The principles by which we must be guided in the resolution of the foregoing issue were recently enunciated in People v. Sesslin, 68 Cal.2d 418, 67 Cal.Rptr. 409, 439 P.2d 321, where the court held that procurement of defendant's handwriting exemplar during his detention following an illegal arrest violated his Fourth Amendment rights despite the fact that before it was obtained defendant had been warned of his constitutional rights and told that he had a right not to give an exemplar. In holding such evidence to be inadmissible the court laid down the following principles: (1) ‘The state may not use evidence to convict an accused which it obtained by exploiting an illegal arrest or detention.’ (Emphasis supplied.) (Pp. 426—427, 67 Cal.Rptr. p. 415, 439 P.2d p. 327.) (2) Such evidence may be used if its connection with the illegal arrest has “become so attenuated as to dissipate the taint.” (p. 428, 67 Cal.Rptr. p. 416, 439 P.2d p. 328.) (3) The degree of attenuation which will suffice to remove the taint of illegality ‘requires at least an intervening independent act by the defendant or a third party which breaks the causal chain linking the illegality and evidence in such a way that the evidence is not in fact obtained ‘by exploitation of that illegality.’ Consent by the defendant, if ‘sufficiently an act of free will to purge the primary taint of the unlawful (arrest)’ (citation) may produce the requisite degree of ‘attenuation.“ (p. 428, 67 Cal.Rptr. p. 416, 439 P.2d p. 328.) (4) Although advisement of rights ‘may be a factor showing an intervening act of free will (citation), it does not in isolation demonstrate as a matter of law the requisite attenuation.’ (p. 430, 67 Cal.Rptr. p. 417, 439 P.2d p. 329.)

In People v. Johnson, 70 A.C. 577, 75 Cal.Rptr. 401, 450 P.2d 865, the court held that a defendant's confession was inadmissible as a ‘fruit of the poisonous tree’ where it was secured by use of a codefendant's confession which in turn was the product of an unlawful search and seizure. The Court held that the Miranda warnings in isolation were insufficient to establish the requisite degree of ‘attenuation’ to eliminate the taint of illegality.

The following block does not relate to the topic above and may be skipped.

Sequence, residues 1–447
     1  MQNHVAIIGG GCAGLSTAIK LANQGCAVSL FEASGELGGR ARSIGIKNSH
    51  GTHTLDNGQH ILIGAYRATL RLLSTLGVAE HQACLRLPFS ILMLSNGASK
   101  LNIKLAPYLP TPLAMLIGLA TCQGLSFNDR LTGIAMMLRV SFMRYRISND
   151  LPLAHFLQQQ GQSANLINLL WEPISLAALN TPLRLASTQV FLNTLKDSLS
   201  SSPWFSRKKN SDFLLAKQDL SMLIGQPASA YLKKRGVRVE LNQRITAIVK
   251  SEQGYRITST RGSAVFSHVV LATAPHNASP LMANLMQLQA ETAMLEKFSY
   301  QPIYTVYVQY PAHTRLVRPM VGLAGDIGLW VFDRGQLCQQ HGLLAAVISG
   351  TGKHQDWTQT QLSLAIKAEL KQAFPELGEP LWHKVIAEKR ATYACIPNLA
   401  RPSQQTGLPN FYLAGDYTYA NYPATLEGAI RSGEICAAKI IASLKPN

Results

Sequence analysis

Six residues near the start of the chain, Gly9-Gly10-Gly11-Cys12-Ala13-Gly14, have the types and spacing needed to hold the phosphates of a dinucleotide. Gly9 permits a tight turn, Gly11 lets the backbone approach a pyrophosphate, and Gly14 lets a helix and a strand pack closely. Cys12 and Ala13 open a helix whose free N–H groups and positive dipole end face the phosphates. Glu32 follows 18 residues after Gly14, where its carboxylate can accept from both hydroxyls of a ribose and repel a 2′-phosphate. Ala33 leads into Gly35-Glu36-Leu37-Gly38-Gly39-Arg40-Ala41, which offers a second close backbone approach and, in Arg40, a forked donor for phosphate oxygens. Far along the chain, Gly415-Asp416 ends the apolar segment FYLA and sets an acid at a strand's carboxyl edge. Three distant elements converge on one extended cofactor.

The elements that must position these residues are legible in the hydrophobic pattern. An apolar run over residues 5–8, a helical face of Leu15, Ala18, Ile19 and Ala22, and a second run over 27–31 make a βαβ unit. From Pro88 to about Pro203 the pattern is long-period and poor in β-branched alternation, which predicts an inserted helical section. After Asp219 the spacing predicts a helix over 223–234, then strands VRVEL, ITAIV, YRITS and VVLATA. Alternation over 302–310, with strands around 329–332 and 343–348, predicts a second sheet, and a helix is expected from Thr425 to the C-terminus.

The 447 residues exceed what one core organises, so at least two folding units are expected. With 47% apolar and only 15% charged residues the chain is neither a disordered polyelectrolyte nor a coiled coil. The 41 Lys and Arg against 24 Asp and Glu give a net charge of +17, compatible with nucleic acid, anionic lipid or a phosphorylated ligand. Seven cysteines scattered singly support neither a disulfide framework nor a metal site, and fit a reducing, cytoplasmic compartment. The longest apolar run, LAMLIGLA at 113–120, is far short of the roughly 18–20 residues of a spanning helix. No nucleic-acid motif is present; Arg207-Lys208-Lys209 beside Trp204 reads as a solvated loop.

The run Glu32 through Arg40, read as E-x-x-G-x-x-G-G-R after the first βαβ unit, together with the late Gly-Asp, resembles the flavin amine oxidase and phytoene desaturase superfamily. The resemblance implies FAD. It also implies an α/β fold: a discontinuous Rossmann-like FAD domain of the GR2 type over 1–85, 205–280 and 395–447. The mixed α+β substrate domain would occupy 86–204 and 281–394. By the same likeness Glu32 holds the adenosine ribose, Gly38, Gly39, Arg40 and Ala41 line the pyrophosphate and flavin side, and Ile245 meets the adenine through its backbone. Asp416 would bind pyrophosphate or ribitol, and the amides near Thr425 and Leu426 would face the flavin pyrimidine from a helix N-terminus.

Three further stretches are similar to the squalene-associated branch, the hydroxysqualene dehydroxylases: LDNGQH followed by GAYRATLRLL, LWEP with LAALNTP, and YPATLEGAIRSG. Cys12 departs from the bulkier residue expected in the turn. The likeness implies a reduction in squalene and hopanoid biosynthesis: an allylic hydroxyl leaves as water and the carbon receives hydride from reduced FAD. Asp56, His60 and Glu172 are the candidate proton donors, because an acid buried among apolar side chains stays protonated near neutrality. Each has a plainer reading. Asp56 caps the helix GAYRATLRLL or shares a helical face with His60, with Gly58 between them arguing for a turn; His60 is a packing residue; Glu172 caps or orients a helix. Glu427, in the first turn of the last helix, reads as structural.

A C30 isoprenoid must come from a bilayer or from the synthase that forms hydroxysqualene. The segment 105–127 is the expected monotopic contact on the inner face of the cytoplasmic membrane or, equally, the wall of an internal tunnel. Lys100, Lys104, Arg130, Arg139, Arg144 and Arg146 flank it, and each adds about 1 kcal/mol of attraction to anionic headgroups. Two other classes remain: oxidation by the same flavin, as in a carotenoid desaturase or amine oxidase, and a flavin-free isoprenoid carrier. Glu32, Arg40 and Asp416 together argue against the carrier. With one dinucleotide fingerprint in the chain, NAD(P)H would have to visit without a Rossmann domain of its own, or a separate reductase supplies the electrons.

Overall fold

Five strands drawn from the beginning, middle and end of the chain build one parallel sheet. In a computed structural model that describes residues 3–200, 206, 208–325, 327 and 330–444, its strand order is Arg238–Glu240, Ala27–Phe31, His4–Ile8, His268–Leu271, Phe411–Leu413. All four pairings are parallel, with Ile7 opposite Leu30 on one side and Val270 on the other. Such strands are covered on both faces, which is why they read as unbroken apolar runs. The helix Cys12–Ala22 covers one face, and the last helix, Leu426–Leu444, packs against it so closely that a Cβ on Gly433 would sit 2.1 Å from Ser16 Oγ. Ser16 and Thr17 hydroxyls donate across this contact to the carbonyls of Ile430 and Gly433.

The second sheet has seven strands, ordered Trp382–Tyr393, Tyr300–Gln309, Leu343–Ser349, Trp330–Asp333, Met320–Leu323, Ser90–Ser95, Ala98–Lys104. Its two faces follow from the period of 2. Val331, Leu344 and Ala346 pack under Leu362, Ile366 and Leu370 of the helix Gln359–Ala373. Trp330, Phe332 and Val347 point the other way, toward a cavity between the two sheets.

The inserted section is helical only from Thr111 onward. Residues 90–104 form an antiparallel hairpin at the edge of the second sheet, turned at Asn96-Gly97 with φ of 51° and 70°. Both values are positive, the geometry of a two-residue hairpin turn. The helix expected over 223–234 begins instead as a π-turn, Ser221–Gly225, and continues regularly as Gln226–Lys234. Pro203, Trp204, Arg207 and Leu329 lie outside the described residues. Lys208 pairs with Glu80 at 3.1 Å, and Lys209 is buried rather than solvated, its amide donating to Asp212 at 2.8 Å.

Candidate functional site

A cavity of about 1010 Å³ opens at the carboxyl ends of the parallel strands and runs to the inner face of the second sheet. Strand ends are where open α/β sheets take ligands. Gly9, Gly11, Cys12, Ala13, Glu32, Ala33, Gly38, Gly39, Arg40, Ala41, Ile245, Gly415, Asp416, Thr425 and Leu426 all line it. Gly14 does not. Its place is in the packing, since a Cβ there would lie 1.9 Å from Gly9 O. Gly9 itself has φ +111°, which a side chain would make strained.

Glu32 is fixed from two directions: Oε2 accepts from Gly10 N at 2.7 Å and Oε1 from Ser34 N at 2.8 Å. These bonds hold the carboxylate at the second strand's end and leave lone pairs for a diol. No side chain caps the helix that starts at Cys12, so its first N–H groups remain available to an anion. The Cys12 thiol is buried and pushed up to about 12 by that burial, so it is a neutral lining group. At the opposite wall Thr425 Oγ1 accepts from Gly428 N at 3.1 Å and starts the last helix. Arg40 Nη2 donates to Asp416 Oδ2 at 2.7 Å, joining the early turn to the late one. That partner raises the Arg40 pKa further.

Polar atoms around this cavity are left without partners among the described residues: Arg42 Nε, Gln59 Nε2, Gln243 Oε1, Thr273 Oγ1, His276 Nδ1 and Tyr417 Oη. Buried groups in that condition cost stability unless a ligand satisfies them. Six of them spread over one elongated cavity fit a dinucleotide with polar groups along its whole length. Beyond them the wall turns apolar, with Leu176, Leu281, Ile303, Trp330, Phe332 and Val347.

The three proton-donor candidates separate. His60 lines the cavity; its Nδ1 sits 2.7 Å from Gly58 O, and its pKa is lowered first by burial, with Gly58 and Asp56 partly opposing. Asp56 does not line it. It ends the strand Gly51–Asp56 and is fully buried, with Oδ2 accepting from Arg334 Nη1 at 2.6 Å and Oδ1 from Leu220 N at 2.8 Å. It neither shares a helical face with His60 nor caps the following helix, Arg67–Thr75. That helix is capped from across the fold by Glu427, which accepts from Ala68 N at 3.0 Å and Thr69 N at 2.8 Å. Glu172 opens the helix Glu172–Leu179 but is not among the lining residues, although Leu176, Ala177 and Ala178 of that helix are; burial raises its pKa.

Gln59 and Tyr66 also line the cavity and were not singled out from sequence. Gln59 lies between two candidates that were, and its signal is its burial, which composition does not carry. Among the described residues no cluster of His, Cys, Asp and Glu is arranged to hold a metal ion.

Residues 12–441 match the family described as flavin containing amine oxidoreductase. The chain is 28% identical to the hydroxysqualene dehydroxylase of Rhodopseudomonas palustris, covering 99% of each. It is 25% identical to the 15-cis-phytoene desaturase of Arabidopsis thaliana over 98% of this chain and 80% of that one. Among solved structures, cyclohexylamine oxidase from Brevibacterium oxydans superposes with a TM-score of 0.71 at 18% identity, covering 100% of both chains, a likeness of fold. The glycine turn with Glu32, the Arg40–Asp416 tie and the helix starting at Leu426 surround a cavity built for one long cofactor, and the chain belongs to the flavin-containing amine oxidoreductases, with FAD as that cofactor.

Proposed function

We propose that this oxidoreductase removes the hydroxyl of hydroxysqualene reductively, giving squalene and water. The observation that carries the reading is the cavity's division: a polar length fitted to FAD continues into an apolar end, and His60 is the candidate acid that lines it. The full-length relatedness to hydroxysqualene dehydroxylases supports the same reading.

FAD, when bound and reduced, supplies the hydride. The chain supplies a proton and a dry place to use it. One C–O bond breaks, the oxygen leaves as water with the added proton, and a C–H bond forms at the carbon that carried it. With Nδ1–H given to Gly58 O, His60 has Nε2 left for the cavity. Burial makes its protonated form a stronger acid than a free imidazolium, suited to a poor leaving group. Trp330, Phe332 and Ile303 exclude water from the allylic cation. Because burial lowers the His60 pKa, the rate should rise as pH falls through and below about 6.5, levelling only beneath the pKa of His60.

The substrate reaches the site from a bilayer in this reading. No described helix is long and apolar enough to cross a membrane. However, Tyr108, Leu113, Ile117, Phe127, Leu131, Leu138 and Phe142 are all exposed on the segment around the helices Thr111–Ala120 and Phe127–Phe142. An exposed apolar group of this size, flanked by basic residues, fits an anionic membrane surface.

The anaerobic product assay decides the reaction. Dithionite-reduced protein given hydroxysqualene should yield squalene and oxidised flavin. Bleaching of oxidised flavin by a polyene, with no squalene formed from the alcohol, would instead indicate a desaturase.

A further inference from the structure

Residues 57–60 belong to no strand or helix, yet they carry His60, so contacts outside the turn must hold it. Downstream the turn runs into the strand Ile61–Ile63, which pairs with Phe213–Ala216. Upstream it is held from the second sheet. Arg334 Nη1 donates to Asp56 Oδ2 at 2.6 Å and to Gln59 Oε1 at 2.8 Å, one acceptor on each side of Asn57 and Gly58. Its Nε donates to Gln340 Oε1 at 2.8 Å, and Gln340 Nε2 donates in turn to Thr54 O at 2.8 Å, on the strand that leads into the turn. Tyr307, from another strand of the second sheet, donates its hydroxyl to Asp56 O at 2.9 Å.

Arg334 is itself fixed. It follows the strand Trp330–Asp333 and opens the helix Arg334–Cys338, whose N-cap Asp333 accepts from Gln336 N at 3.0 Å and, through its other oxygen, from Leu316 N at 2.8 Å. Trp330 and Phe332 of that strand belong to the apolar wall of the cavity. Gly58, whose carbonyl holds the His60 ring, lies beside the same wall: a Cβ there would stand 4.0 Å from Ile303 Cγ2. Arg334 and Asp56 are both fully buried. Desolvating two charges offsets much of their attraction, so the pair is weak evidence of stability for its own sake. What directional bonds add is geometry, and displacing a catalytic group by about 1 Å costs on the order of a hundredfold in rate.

Where the evidence discloses an exploitation of an illegal detention to obtain evidence utilized at the trial, the burden is on the People to show that the connection between the unlawful official conduct and the challenged evidence ‘has ‘become so attenuated as to dissipate the taint. “’ (People v. Sesslin, supra, 68 Cal.2d 418, 428, 67 Cal.Rptr. 409, 416, 439 P.2d 321, 328. See People v. Superior Court, 71 A.C. 281, 290, 78 Cal.Rptr. 210, 455 P.2d 146.) In the instant case there was no conflict in the evidence relating to the arrest or the circumstances under which the confession was obtained. The uncontradicted evidence discloses that the confession was obtained as a direct result of the exploitation of the invalid arrest. There was no break in the causal chain linking the illegal arrest to the confession. Trial counsel properly preserved defendant's right to raise the issue on appeal by a specific objection to the introduction of any statements made by defendant on the ground that there was no probable cause to arrest and that '(I)f the arrest is not legal, then any statement would be a product of the illegal arrest under the fruit of the poisonous tree doctrine.'2

The introduction into evidence of an unconstitutionally obtained confession compels reversal regardless of other evidence of guilt. (People v. Powell, 67 Cal.2d 32, 51—52, 59 Cal.Rptr. 817, 429 P.2d 137.)

Judgment reversed.

FOOTNOTES

1.  Of course, illegality of an arrest is not, in and of itself, a defense to a criminal prosecution. (People v. Bradford, 70 A.C. 347, 357, 74 Cal.Rptr. 726, 450 P.2d 46.)

2.  In fairness to the trial judge, it is noted that both People v . Sesslin, 68 Cal.2d 418, 67 Cal.Rptr. 409, 439 P.2d 321, and People v. Johnson, 70 A.C. 577, 75 Cal.Rptr. 401, 450 P.2d 865, were decided after the trial of the instant case.

TAMURA, Associate Justice.

KERRIGAN, Acting P.J., and HILLIARD,* J. Pro Tem., concur.